I recently participated in one of children’s literature historian, Leonard Marcus’ literary tours in New York, where among other delightful people, I met author-illustrator, Brian Floca. I was impressed with his knowledge of children’s book publishing and immediately went home to check out if I already knew some of his work. I discovered that he had illustrated one of my favorite chapter book series, Marty McGuire by Kate Messner, but I hadn’t read any of Brian’s works in which he was both author and illustrator. I needed to rectify this and was thrilled to discover LOCOMOTIVE on the drydenbk’s shelves when cat-sitting a couple of weeks ago.
Author & Illustrator: Brian Floca
Publisher: Athenium Books for Young Readers, July, 2013
Themes: Steam locomotives, US transcontinental railroad, travel
HERE IS A ROAD made for crossing the country, a new road of rails made for people to ride.
On July 1st 1862, during the civil war, Abraham Lincoln signs a law enabling the Central Pacific Railroad Company to build a railroad east from California. The Union Pacific Railroad Company is created to build westward from Nebraska. They are given state aid and 12 years to complete this humungous task! The construction is completed 5 years ahead of schedule and this beautiful book follows some of the first travelers along this railroad track.
Immersed in phenomenal historical and physical detail, 64 pages of dreams, determination and facts shunt the reader eagerly from page to page into the feat of this railroad and the thrill of these early journeys. This is the recreation of an era and accomplishment that will beckon to lovers of history, locomotives, and journeys. The reader travels in the compartments with the passengers, into the railroad restaurants, sweating with the fireman and engineer as they check the steam pressure, watching on tenderhooks as the switchman changes the pin connecting up a fresh machine. The different terrain is evoked through text and pictures from the dust basins of the great plains, the deserts, through the spruce and pines of the Sierra Nevada to Sacramento Calfiornia.
Why I like this book:
If you look at the lengthy list of sources at the back of this book, you start to imagine the hours of research and editing that went into its creation. I pored over it for a weekend before beginning my review. It is rich with facts yet light in language and movement. It engages all the senses with: the onomatopoeia, varied font-choice and size, poetic language, scientific detail, expansive travel scenes etc I found myself sharing in: the excitement of these first train travelers, the pride of the hoggers’ locomotives, the hiss of the steam and heat of the fire, the beauty of these landscapes being opened up to so many, the amazement of the speed (a journey which used to take weeks by ship or wagon reduced to five days!) I learnt so many facts about steam locomotion, that I truly soared and chugged with this fabulous creation. The illustrations begin with the chinese laborers who helped build the railroad and end with an 1870’s scene of the harbor in San Francisco with visual splendor on each one of the 62 pages in between!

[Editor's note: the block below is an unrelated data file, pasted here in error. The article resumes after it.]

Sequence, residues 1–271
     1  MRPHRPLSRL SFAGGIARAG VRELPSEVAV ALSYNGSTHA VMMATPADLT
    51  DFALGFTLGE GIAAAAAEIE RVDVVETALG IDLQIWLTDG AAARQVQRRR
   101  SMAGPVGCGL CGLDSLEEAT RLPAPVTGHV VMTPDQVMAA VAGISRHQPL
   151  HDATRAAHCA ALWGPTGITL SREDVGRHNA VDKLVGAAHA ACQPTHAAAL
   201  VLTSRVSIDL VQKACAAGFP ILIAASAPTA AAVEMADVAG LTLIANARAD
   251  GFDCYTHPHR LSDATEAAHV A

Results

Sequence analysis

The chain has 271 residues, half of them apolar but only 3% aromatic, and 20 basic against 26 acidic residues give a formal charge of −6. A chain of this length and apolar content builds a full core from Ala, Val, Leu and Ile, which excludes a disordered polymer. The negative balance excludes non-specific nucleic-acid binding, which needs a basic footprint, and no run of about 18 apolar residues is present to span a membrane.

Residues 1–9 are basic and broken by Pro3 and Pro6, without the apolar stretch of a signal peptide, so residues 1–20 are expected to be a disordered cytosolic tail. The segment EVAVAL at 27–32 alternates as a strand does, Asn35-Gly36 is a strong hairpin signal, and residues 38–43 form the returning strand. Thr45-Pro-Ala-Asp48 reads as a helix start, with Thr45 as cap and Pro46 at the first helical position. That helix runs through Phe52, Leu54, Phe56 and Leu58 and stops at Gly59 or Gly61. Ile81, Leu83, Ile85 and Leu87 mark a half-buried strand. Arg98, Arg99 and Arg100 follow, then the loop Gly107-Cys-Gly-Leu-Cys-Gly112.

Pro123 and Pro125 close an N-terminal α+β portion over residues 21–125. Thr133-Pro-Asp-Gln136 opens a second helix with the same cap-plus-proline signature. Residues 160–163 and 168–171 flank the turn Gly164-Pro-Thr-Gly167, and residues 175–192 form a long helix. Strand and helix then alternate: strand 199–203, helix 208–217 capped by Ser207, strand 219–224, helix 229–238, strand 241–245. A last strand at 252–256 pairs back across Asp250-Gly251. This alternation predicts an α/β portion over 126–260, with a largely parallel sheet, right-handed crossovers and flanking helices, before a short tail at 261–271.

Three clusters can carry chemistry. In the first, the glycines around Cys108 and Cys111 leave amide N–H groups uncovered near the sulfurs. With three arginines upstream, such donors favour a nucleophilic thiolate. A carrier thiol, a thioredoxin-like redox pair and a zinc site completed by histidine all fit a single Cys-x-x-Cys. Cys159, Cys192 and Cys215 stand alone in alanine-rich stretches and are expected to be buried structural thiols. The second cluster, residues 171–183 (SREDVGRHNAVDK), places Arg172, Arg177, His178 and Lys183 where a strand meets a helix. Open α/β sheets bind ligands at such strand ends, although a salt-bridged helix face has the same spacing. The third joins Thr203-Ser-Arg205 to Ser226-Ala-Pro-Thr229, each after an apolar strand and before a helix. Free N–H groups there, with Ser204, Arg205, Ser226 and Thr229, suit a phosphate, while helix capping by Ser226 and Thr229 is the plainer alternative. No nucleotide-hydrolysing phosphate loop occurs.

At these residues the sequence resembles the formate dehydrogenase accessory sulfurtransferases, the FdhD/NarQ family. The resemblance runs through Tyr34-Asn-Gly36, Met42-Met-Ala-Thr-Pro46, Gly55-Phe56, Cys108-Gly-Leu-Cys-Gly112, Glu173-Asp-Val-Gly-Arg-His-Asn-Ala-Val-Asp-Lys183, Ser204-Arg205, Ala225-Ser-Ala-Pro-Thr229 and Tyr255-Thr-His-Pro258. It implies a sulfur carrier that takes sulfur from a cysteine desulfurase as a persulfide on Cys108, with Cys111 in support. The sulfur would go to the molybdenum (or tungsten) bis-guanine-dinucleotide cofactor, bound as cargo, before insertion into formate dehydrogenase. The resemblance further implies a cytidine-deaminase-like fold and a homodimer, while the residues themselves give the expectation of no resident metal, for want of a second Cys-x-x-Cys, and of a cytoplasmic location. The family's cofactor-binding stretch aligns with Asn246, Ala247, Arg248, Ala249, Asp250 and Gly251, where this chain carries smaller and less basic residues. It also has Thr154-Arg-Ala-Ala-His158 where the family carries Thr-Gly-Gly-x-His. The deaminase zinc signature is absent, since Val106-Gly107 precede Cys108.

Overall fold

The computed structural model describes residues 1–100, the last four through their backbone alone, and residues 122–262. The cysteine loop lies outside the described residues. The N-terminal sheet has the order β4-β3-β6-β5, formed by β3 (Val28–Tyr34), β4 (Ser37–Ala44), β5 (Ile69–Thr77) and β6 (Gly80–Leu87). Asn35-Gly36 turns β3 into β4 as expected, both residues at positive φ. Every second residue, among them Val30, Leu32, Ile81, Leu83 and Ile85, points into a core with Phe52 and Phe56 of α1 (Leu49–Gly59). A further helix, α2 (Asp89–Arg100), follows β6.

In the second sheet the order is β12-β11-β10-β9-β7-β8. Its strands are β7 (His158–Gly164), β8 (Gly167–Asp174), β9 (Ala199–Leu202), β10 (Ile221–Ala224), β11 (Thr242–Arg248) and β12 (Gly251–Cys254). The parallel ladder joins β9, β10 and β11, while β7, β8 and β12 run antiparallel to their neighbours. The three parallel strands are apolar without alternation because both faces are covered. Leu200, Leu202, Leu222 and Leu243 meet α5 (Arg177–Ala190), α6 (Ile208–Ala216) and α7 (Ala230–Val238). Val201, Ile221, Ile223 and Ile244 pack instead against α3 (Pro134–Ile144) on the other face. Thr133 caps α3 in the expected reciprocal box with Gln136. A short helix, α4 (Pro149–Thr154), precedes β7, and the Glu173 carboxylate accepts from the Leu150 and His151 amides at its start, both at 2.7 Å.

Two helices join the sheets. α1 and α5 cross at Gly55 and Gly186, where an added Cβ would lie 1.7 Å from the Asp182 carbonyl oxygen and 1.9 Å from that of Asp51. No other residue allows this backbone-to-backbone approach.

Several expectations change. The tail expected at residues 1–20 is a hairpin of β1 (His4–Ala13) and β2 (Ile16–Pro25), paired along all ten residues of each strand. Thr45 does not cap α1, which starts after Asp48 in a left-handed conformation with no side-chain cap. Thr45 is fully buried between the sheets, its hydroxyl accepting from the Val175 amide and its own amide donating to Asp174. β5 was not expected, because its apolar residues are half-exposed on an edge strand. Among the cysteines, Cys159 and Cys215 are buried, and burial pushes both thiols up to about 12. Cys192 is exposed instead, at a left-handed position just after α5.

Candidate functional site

The two end pages contain more information than most picture books in their entirety. I have always wished I’d lived in the time of horses and wagons, now I would like to be transported to the time of locomotive innovation. LOCOMOTIVE will have an appeal way beyond the nerdy train-lovers. Narrative nonfiction at its best, this is not only the sort of picture book that common core enthusiasts and teachers will gobble up, but this is the sort of picture book I would leave on my coffee table for adults to browse through! So much WOW in one book! I hope to see Locomotive on some award lists next year!
Taken from Bria Floca’s website: Locomotive Teaching resources for Locomotive from Simon & Schuster are here. These include a (Common Core-friendly) curriculum guide. The direct link for that guide (in PDF form) is here.
A review and a collection of links, resources, teaching ideas, and other relevant titles is on the blog The Classroom Bookshelf, in a post by Erika Thulin Dawes, here.
Visit a train yourself! Click here to download “Ride This Train!”— a PDF from Trains magazine listing tourist railroad destinations across the U.S. More Locomotive material coming soon.
Brian has been on tour promoting locomotive this fall and has still a number of locations he is visiting in November. Please see here for details.
Every Friday, authors and KidLit bloggers post a favorite picture book. To see a complete listing of all the Perfect Picture Books with resources, please visit author Susanna Leonard Hill’s Perfect Picture Books.